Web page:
Coffee colossus Starbucks has developed a supply chain that spans 19 countries and funnels everything from cups to coffee beans into nearly 20,000 retail stores worldwide, all while maintaining the corporate commitment to green and sustainable practices.
Tapping resources from around the globe makes it easier for the company to expand and reach more customers. Yet Starbucks maintains only six centers where all raw materials are sent to be roasted and packaged for delivery.
The roasting, manufacturing and packing are done exactly the same in each process center.
The Starbucks supply chain operates on an integrated make-to-stock supply model, focusing on tracking demand in real time to meet the requirements of several different distribution channels. Starbucks uses Oracle’s automated information system for manufacturing, GEMMS, to monitor real-time demand, allowing production plans and schedules to be developed and modified as needed. To coordinate supply levels with multiple distribution channels, the company must have access to constantly updated information detailing demand, inventory, storage capacity, transportation scheduling and more to keep things running smoothly.
The company is streamlined logistically across six continents. Materials are housed in regional distribution centers which range from 200,000 to 300,000 square feet in size.
Starbucks runs five distribution centers in the U.S. Two are company owned while the others are operated by third party logistics companies (3PLs).
Offshore distribution centers, two in Europe and two in Asia, managed by the 3PLs.
Starbucks evaluates its supply chain efficiency with a simple scorecard system at the warehouse level and focuses on four high level categories across the global supply chain:
The company strives to reduce operating costs and improve execution.
Starbucks tries to balance supply chain demands with its green and sustainable corporate practices, which include maintaining quality while buying responsibly grown and ethically traded coffee. The company’s efforts include responsible coffee purchasing practices, providing farmer support centers, farmer loan programs and forest conservation.
The company also sets social responsibility standards for its suppliers and works with suppliers to improve business practices. If problems arise with a supplier, Starbucks will stop doing business with it until problems are resolved.
In 2015, Starbucks achieved a milestone of 99% ethically sourced coffee through its partnership with Conservation International. Conservation International is an American nonprofit environmental organization. It’s a result of Starbucks’ 15-year journey to embed sustainable practices in its sourcing structure.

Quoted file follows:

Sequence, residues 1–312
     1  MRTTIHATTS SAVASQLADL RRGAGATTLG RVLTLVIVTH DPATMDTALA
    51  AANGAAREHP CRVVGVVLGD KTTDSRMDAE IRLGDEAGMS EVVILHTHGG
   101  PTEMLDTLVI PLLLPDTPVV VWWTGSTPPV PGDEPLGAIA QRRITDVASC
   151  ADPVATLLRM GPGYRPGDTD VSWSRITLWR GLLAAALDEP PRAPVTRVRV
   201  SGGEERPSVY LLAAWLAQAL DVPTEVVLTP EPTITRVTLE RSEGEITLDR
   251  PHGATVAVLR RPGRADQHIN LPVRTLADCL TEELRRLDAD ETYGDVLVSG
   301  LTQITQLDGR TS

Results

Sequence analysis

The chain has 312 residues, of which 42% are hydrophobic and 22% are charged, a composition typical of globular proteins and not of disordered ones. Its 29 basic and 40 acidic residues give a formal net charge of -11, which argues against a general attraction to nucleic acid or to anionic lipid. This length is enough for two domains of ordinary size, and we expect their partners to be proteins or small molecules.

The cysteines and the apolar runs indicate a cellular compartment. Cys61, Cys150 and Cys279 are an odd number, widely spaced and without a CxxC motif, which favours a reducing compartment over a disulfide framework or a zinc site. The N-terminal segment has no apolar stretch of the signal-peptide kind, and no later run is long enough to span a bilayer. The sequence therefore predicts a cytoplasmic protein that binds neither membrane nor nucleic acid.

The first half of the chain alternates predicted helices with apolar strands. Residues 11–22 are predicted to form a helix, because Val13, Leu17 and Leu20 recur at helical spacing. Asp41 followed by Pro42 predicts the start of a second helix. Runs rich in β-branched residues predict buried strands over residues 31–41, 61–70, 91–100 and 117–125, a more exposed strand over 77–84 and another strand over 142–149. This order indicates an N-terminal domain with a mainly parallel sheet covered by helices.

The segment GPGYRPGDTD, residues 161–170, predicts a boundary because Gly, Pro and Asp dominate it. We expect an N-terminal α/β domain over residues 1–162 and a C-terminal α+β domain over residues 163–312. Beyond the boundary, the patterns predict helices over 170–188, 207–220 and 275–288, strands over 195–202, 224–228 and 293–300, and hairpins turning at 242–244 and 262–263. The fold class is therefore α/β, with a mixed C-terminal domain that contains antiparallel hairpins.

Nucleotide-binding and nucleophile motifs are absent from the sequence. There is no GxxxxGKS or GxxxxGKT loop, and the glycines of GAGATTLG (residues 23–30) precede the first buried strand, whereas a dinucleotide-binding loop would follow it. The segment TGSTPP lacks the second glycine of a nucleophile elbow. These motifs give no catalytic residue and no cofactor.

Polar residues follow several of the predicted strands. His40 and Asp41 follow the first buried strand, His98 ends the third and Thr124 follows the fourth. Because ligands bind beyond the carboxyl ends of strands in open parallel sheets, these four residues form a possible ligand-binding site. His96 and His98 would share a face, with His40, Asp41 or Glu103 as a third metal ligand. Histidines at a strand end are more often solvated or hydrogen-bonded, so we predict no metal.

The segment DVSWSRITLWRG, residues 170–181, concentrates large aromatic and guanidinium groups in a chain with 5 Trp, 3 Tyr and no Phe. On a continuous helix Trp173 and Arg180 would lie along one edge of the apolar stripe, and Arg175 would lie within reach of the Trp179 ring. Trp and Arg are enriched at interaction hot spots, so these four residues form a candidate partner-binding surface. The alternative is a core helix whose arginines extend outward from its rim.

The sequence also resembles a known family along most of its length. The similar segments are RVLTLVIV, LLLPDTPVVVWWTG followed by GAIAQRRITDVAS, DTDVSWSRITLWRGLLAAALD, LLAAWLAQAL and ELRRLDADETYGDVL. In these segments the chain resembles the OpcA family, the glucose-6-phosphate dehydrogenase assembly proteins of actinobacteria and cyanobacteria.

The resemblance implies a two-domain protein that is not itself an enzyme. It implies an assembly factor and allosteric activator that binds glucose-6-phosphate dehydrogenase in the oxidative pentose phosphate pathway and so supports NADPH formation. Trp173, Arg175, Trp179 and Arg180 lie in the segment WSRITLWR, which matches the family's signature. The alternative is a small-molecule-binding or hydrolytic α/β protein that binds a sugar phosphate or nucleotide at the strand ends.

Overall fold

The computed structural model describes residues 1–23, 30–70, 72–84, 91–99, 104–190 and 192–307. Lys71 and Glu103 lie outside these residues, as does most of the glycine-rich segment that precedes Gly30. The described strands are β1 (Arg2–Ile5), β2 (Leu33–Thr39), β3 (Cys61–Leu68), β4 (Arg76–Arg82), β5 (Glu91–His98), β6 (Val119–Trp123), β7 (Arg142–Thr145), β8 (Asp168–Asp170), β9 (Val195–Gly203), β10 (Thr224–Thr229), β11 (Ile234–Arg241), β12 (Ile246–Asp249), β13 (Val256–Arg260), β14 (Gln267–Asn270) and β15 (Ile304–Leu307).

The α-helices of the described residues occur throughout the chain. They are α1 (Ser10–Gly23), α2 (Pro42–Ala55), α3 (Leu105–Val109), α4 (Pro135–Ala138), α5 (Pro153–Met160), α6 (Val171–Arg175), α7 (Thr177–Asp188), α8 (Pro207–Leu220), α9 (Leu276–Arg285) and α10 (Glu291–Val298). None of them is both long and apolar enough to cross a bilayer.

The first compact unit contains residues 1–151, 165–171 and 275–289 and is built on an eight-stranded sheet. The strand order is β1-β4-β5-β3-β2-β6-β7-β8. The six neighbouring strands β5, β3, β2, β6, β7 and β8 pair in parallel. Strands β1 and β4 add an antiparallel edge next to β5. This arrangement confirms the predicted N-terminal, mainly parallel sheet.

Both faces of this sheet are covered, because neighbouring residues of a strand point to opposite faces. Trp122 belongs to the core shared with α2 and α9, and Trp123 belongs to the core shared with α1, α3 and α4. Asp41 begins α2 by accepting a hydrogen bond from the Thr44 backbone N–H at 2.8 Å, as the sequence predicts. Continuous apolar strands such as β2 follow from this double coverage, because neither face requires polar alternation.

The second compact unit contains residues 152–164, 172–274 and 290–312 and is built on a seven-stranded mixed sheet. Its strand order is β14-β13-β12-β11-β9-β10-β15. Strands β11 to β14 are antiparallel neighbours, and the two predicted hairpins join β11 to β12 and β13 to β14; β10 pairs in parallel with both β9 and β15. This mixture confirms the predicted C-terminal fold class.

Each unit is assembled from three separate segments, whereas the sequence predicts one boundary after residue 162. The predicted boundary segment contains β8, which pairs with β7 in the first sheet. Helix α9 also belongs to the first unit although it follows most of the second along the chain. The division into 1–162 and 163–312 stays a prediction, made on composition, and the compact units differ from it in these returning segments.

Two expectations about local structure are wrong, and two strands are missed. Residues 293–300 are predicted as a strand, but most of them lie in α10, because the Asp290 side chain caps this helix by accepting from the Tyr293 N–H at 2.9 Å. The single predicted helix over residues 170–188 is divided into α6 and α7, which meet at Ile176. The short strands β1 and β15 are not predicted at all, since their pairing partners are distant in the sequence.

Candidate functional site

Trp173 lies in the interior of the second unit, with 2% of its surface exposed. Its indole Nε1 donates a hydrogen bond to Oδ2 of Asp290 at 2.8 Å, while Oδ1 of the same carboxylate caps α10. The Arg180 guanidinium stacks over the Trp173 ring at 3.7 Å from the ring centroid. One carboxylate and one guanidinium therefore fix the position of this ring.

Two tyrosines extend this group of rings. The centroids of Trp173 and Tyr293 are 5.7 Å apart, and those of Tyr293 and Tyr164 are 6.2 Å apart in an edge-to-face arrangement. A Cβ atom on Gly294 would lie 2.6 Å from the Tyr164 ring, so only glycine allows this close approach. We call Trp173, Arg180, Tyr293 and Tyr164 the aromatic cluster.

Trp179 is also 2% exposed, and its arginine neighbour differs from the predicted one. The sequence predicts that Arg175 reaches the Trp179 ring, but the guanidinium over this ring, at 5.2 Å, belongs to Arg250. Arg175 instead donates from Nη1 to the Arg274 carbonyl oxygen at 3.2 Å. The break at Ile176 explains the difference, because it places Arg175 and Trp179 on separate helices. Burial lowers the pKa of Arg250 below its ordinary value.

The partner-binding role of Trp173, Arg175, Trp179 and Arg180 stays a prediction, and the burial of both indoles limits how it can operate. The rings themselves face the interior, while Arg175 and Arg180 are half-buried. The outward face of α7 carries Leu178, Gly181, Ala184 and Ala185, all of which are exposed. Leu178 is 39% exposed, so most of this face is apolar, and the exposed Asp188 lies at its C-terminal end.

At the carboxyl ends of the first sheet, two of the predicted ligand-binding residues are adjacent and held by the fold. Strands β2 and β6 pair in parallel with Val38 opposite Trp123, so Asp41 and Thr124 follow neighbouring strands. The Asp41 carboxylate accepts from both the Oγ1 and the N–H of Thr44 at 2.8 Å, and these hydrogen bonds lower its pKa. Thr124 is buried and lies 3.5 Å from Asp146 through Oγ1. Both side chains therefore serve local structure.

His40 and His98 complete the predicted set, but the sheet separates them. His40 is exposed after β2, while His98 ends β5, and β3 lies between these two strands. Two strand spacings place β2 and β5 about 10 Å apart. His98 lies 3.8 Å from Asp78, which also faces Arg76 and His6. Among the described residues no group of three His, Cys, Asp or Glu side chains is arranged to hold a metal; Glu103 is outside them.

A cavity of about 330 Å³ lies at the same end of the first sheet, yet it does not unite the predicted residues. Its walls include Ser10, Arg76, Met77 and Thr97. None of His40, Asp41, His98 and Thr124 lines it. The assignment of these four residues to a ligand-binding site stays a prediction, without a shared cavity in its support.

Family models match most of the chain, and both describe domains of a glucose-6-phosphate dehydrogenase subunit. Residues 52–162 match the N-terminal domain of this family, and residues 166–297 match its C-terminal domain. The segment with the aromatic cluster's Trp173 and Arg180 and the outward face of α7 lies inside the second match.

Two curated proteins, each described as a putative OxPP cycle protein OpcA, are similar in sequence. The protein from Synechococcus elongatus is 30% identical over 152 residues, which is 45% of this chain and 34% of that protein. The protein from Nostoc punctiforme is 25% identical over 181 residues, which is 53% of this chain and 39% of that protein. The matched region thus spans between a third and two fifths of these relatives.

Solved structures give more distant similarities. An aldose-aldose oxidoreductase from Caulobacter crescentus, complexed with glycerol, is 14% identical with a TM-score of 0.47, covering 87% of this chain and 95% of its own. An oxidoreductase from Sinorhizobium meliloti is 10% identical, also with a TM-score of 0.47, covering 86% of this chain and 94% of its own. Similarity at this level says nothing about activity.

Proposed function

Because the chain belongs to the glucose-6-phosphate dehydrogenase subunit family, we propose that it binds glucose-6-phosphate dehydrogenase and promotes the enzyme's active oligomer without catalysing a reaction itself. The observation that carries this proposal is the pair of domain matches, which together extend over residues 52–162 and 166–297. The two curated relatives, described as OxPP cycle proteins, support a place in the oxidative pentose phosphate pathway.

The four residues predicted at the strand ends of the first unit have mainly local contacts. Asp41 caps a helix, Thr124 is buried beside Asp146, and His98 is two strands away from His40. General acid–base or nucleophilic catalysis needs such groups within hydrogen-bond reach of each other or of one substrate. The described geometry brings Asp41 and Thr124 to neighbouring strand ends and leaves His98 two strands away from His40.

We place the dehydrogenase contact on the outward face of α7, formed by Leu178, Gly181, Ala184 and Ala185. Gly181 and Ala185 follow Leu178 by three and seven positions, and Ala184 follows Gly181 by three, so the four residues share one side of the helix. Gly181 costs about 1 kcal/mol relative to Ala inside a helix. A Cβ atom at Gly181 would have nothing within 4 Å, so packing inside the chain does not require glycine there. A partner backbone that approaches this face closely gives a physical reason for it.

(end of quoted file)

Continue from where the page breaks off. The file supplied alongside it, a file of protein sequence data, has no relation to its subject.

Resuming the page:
Starbucks has invested more than $70 million in its quest for ethical sourcing supporting coffee farming communities, reducing climate change impact and continued support of farm sustainability.
Established in 2004, the company’s Coffee and Farmer Equity (C.A.F.E.) is a set of sustainability standards established for the coffee industry and verified by third-party experts. The standards help farmers grow coffee in ways that are better for both people and the planet.
C.A.F.E practices include key guidelines for farmers in four areas:
The company purchased a farm in Costa Rica two years ago for research and development. It is an operational coffee farm to help continue to develop sustainable farming practices.
Starbucks has an open source approach to its research and developments. It shares its discoveries and best practices to help all producers and competitors make long-term sustainable improvements of their farms. They strive to improve the program by working with Conservation International to measure the true impact purchasing programs have on participating farmers and producers.
Developing these standards allows the company to ensure its products are sourced according to company guidelines and provides information to improve the supply chain verification program. Many companies develop supplier certification standards but Starbucks has created a method that can determine if the investment in the program yields results.
The knowledge and skills gained through an advanced supply chain management certificate can benefit anyone involved in supply chain management from professionals handling logistics, procurement and planning to executives responsible for overseeing all aspects of supply chain management.